UK FCA targets investment platforms over interest earned on customer cash balances

Rick Steves

The FCA expects firms to review their approach to interest retention under the Consumer Duty. This includes ensuring that the amount retained is reasonable and represents fair value for customers. Firms are also expected to cease the practice of double-dipping.

Sheldon Mills, the Executive Director of Consumers & Competition at the Financial Conduct Authority (FCA), has sent a letter to 42 investment platforms and Self-Invested Personal Pensions (SIPP) operators. This move comes in the wake of concerns about how these entities handle interest earned on customer cash balances.

The FCA’s letter highlights a critical issue: the substantial revenue generated from customers’ cash balances due to the increase in the Bank of England base rate. In June 2023 alone, the surveyed firms collectively amassed £74.3m in revenue through this practice.

Some platforms retain around 50% of interest, others even impose fees on customer cash they hold

Based on a survey conducted in July 2023, the FCA found notable practices among the investment platforms. A significant majority, about 71% of the sampled firms, retain a part of the interest earned on customers’ cash. On average, these firms retain around 50% of the interest. Additionally, 61% of these platforms impose a platform fee on the customer cash they hold.

The FCA expressed deep concern over the quality of disclosures provided to consumers regarding the retention of interest. The authority observed that information on this practice is often hard to find and difficult to understand, posing a challenge for consumer awareness and understanding.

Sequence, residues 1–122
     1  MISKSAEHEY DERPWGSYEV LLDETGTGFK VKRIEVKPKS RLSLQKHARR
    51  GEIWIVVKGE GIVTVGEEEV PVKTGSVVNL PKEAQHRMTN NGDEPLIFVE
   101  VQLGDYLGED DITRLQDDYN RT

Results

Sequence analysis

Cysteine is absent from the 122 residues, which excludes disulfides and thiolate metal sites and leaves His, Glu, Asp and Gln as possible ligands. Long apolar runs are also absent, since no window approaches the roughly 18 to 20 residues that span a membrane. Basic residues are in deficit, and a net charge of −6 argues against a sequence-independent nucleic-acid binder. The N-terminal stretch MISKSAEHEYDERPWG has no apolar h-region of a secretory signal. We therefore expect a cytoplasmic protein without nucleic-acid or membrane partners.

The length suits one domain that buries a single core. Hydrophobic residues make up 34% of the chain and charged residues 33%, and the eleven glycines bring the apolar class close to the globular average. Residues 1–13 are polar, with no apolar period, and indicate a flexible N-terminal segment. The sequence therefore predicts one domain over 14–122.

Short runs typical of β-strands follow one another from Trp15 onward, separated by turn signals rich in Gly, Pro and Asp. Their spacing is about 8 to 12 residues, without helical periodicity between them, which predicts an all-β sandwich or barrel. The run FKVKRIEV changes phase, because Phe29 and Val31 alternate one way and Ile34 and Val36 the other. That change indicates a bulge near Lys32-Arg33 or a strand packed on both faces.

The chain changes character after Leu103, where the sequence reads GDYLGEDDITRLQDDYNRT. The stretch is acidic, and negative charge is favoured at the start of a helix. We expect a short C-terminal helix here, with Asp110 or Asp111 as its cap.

A key part of the FCA’s directive revolves around the Consumer Duty. The letter emphasizes the need for firms to ensure that their retention of interest on cash balances aligns with this duty. This includes acting in good faith, avoiding foreseeable harm, and supporting customers in achieving their financial objectives.

High rates of interest retention don’t align with reasonable expectations, FCA says

The FCA’s letter points out the issues with high rates of interest retention, which may not align with customers’ reasonable expectations. Furthermore, the practice of ‘double dipping’, where firms both retain interest and charge account fees, is highlighted as a concern. This practice is likely to cause confusion among consumers and is seen as potentially harmful.

The FCA expects firms to review their approach to interest retention under the Consumer Duty. This includes ensuring that the amount retained is reasonable and represents fair value for customers. Firms are also expected to cease the practice of double-dipping.

Investment platforms and SIPP operators are required to submit confirmations and information to the FCA by 31 January 2024. They must also make necessary changes by 29 February 2024. The FCA emphasizes the need for timely changes in practice across the market in response to the concerns raised.

This directive is seen as a significant move towards enhancing consumer protection in the financial services sector. It underscores the FCA’s commitment to ensuring that financial practices are fair, transparent, and in line with consumer interests. The directive from the FCA is not only aimed at the 42 firms directly addressed but also sets a precedent for other consumer investment firms with comparable business models.

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